Twitter icon
Facebook icon
Pinterest icon


Can anyone tell me what period this set if from and if it is Satsuma? There's no markings at all on the bottom of the plates, cups etc. It has an incredible blue color.  Any idea what this might be worth? Did I pay too much?  


Set features entirely handcrafted and handpainted porcelain tea and luncheon set with 24 kt gilt Dragon's heads on the pouring spouts, top handles, inside rims of cups and around saucer rims. This large set consists of the following 21 pcs:

  • One Large Tea Pot, measuring 8" tall x 9" wide
  • One Large Creamer, measuring 6.5" tall x 7.5" wide
  • One Large Sugar Bowl, measuring 6.5" tall x 7.5" wide
  • Six Luncheon Plates, measuring 7.5" in diameter 
  • Six Saucers, measuring 5.5" in diameter
  • Six Tea Cups, measuring 3.5" tall x 4" wide (Please note: one of the teacups is slightly different than the rest, the primary difference is the lithophane and lack of gold rim inside the bottom of one cup).  

The set is very impressive having a 3-D effect with raised areas and gilded rims. NOTE: When the tea cups are empty, you can hold the cup up to the light and see the relief image of a woman's face. This is known as a Lithophane, a beautiful geisha's face in the bottom in the cup bottom. This entire set is in excellent condition having no chips, cracks or breaks.

Porcelain with 24Kt Gilt
Distinguishing marks: 
No Marks At All
Date Period: 
Size and dimensions of this item: 
I was told this was from the 1930's and brought back from Asia in the 1950's
For Sale?: 


Lovejoy's picture

Here you go:

"Dragonware is the term used to describe porcelain or pottery items with a raised decoration which depicts an oriental dragon. These items were produced in Japan from the end of the 1890’s until the mid 1950’s. Most Dragonware pieces are decorated with moriage, which is a type of slip clay that gives the piece a three dimensional appearance. Quality varies considerably for these sets, with the earlier examples generally being a better quality than the 1950’s examples.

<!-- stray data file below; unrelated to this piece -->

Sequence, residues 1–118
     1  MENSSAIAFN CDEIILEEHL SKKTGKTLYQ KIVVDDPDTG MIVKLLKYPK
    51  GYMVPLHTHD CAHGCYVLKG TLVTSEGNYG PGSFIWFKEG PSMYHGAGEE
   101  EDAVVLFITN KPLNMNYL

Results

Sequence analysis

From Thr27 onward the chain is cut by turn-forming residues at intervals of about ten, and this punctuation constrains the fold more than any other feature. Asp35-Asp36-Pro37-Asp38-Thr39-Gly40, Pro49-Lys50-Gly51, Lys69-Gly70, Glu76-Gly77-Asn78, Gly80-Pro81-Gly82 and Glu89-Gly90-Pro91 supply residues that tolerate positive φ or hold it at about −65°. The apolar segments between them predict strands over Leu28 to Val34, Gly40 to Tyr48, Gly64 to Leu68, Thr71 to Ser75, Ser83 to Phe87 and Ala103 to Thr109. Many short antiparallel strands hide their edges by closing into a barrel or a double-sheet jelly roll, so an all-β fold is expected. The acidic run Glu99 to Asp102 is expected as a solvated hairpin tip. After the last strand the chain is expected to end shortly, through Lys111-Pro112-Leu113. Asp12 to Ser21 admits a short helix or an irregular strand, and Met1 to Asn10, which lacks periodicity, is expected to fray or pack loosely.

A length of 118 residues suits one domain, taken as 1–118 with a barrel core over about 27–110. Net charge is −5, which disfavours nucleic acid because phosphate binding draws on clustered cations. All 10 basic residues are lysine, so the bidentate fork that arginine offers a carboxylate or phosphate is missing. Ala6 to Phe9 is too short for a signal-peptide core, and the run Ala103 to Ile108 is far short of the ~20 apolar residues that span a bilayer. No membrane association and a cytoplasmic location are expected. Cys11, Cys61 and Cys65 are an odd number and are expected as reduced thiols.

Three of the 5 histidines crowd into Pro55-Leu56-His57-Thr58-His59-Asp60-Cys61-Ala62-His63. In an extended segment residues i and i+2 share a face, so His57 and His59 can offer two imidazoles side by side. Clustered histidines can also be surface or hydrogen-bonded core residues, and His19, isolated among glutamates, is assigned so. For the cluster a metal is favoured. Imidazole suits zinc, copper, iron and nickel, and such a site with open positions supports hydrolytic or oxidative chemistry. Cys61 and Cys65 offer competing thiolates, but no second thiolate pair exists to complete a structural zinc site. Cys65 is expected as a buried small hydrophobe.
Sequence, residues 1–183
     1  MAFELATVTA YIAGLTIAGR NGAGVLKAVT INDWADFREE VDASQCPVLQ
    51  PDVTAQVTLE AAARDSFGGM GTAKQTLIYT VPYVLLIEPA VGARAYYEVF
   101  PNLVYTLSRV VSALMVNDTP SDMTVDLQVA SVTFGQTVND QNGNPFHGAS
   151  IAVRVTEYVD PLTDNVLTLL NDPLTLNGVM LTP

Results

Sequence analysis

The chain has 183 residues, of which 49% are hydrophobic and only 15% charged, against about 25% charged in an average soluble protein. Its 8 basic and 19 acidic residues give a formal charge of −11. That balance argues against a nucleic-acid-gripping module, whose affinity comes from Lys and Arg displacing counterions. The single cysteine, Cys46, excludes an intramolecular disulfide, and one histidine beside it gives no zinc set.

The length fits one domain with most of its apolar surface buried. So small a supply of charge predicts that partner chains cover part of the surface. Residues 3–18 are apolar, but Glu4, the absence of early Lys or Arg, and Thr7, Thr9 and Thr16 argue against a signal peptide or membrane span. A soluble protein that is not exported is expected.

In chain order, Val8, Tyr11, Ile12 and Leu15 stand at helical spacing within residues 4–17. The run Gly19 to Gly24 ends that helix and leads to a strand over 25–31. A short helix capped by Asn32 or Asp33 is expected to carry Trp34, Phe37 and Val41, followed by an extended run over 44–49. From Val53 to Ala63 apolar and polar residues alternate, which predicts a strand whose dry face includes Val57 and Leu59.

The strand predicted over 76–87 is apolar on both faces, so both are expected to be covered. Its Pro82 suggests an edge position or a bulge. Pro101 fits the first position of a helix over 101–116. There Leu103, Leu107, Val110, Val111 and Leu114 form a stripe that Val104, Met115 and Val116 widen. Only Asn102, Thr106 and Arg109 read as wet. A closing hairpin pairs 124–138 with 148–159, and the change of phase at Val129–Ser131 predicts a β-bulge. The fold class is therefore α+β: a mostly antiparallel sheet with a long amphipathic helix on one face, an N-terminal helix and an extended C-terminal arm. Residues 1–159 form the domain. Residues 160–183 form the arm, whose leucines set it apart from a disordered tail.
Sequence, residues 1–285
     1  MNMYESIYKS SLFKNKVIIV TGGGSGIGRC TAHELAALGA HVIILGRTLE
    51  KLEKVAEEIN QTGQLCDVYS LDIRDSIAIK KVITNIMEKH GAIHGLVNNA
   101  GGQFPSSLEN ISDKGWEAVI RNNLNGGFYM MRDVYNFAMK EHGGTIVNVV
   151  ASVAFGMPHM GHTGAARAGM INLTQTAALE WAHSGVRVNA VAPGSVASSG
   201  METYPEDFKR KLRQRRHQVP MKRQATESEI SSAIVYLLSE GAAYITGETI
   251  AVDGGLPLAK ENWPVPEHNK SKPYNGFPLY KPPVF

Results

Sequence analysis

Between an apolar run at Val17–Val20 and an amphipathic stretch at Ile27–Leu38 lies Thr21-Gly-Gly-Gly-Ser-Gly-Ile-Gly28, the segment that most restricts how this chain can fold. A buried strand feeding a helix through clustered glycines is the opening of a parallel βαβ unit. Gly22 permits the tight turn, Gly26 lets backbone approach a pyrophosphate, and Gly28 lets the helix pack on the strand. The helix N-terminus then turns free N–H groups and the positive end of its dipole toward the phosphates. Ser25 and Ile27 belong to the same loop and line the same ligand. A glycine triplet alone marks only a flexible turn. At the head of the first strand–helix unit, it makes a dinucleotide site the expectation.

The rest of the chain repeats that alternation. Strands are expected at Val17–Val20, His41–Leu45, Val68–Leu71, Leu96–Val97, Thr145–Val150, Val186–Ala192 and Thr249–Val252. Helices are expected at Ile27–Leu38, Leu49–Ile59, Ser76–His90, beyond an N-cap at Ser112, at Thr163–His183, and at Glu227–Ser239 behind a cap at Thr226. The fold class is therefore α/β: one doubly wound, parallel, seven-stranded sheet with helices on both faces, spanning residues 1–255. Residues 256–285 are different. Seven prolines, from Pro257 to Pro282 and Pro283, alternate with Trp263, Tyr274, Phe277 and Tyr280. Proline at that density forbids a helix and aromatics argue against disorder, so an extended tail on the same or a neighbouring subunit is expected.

Sets like yours generally sell for under $200.00 .



Steamboater's picture
Thank you. Does your mom's set have any marks on the bottom of the cups, plates or any of the other pieces? I was very curious about that especially and couldn't understand why there are no marks at all on this set. At first I thought that Japan, which was at odds with the west over Manchuria in the 30's wanted to export these items but didn't want Japanese markings on them so as to have an easier tme selling them abroad but that didn't make sense as these pieces are obviously Japanese, so I wonder?

kathyBeh's picture

I will ask her and let you know, I do not seem to recall a mark only the ladies face.

 In 1891 the McKinley Tariff Act required that imported items be marked in English with the country of origin. So I wonder if our sets are pre 1891 ??

"These items were produced in Japan from the end of the 1800's until the mid 1900's. Over that time period, styles and materials changed dramatically."

Lithopnes or Lithophanes (both are actually acceptable) are pictures that are created with the thickness of the porcelain. The pictures show when the porcelain (almost always in the bottom of tea cups) is held up to light. Lithophanes went out of style because of their cost to produce sometime in the late 50's or early sixties and were for the most part discontinued.